But first-year teachers are key to filling Elmhurst’s vacancies. The most coveted teachers, those with more than four years of experience and a passion for urban schools, are also the most likely to get picked up by higher-paying charters like Aspire or to be promoted to administrative positions within the district.
So this year, in another first, Betlach and the hiring committee looked at the experience level of the teachers on each grade-level and subject area team to determine which positions would receive the most support. Sixth-grade history was one of those positions. Knowing that, and knowing Ullman had another offer on the table, they moved quickly. After calling her references, they offered her the job a few days after her in-person interview.
Despite how worried she’d been on her interview day, Ullman—who was impressed by the school’s climate and strong leadership—said the intense process had helped convince her that Elmhurst was the right place for her to work.
“I was relieved that they were doing some sort of a hiring process,” she said later, “and not just, ‘Oh God, who will work for us?’” She said the other Oakland middle school from which she received an offer “was desperate and [they] literally hired me within the opening interview.”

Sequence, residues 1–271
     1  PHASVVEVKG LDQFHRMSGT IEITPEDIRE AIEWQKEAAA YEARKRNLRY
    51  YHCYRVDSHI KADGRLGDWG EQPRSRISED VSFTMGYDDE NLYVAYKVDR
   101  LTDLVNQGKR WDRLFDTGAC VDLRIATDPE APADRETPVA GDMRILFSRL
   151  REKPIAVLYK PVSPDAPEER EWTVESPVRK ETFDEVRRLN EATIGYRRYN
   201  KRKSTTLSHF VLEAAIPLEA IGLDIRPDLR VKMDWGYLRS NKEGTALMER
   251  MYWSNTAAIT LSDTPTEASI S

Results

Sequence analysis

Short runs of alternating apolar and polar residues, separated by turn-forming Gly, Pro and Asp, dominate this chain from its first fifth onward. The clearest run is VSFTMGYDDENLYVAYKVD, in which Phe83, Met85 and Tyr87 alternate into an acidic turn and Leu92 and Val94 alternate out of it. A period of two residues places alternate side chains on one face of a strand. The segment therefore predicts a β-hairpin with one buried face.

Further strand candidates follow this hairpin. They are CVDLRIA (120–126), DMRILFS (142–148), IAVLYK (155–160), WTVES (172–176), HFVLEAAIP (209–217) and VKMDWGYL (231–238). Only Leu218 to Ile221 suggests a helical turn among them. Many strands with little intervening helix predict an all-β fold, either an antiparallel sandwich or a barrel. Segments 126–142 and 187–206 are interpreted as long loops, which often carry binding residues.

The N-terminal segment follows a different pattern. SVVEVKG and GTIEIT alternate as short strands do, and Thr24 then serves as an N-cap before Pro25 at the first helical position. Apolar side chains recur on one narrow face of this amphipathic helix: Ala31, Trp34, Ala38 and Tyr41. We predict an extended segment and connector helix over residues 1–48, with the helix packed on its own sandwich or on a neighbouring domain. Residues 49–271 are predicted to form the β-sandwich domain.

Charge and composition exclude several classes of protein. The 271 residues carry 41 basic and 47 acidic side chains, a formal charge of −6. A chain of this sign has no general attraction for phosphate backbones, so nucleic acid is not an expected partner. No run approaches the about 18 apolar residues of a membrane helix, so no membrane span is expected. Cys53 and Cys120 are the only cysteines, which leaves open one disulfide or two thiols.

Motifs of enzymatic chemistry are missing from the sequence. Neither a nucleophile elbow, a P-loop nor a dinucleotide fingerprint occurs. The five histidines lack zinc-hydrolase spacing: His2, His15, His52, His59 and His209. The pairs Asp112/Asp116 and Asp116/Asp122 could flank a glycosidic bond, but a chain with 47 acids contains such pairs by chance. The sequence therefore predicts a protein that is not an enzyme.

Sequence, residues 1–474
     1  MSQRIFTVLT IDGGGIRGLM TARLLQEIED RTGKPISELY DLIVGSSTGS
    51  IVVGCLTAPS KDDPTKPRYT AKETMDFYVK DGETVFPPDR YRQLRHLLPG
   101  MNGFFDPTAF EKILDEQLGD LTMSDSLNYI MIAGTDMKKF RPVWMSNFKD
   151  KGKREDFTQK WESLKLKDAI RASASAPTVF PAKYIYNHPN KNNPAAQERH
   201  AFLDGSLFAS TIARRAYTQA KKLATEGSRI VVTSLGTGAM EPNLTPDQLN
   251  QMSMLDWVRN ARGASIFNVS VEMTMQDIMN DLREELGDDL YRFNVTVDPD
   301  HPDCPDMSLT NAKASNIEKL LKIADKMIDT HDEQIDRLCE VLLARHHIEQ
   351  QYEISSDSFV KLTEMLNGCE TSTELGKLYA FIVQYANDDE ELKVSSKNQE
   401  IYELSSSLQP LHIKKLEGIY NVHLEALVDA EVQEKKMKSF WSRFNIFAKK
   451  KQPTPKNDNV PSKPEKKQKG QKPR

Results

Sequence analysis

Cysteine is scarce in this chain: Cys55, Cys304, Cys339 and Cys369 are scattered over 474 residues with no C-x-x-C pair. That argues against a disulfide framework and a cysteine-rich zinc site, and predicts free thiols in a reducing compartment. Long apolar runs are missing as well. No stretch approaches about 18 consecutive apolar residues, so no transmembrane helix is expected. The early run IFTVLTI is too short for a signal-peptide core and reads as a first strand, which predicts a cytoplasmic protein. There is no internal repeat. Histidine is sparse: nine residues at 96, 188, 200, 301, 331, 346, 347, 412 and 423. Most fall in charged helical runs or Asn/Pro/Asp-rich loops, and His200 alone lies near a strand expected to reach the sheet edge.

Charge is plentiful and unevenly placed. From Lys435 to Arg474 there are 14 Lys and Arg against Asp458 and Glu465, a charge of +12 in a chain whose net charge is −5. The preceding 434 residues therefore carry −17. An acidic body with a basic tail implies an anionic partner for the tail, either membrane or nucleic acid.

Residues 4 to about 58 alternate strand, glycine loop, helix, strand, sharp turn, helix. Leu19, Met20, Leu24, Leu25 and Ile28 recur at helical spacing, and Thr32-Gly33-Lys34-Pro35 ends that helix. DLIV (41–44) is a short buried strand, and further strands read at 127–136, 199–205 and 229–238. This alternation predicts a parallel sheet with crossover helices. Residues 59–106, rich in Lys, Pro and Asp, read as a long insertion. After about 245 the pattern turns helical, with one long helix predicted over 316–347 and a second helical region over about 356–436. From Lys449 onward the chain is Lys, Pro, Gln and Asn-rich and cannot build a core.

Betlach has heard about that kind of hiring. It annoys him—and not just because he’s concerned about the students whose teachers are selected that way. Those schools beat him to candidates like Ullman.
“When I’m being ungenerous, I’m like, ‘You’re not even trying!’” he said in March. He paused, sat back. “Or maybe they’re just super smart. They see a resume and they’re like, ‘I’m not going to let this person get away.’”
By some measures, the relentless teacher turnover—despite the disruption it causes—is the least of Elmhurst’s problems. “On the scope of fairness, there’s a lot of things that are far less fair,” he said in August. He started listing them: limited school funding, neighborhood violence, lack of safe and affordable housing, lack of integration. A pause. “A fair is a place where they weigh pigs,” he said. “There is no fair.”
An hour later, at a logistics meeting held in a sixth-grade-science classroom, Betlach was discussing both the new electronic grade book and how to deal with any broken furniture left in classrooms. Teachers cracked jokes and asked questions.
Then the static of police radios and the whir of helicopter blades became the meeting’s discomfiting background soundtrack. It happened so fast, I had seen Betlach pull out his phone to call the front office and several teachers jump out of their seats before I consciously heard anything new.
In what was clearly well-rehearsed choreography, the returning teachers sprinted for the open doors, closing each one until the sound of the radios and the copter blades had been blocked out. Then they returned calmly to their seats, and Betlach moved on to instructions about what to do with old desktop computers.
But first, he took a minute to tell new staff not to worry. They’d have lots of practice at perfecting lock-outs this school year. Training, he reminded everyone, would be on Friday.
This story was produced in collaboration with The Hechinger Report.